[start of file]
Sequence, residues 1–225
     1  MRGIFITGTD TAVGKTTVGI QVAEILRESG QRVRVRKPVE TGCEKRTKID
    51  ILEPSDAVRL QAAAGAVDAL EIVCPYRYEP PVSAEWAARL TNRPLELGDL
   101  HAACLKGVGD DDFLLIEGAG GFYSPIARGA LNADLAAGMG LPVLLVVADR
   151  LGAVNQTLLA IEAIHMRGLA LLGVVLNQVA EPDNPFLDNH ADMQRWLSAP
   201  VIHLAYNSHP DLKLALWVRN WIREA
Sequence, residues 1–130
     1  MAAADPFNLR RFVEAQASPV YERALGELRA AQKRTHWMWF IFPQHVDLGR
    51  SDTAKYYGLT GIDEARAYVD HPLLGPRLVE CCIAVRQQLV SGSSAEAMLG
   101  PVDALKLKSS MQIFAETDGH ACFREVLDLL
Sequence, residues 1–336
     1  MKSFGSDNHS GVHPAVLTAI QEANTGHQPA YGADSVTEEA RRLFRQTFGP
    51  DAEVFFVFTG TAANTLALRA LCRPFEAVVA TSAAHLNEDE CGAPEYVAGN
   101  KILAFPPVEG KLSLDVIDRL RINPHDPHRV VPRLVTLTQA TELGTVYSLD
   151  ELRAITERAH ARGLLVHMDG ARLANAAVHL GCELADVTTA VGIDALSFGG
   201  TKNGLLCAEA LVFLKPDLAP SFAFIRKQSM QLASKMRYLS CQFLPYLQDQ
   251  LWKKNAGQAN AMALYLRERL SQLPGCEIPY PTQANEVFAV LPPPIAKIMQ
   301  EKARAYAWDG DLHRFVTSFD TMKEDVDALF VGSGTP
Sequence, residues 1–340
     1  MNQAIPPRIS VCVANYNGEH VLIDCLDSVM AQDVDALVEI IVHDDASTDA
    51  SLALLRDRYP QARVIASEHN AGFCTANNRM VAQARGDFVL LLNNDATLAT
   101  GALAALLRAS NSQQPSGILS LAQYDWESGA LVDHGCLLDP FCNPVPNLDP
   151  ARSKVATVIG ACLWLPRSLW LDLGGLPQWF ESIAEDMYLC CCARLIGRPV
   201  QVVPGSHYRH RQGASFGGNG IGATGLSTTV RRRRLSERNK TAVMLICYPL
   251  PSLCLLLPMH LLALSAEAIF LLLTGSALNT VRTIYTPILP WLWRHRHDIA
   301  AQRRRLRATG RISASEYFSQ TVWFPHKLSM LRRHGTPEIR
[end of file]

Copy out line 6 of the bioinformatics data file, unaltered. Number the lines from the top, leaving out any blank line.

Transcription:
   201  VIHLAYNSHP DLKLALWVRN WIREA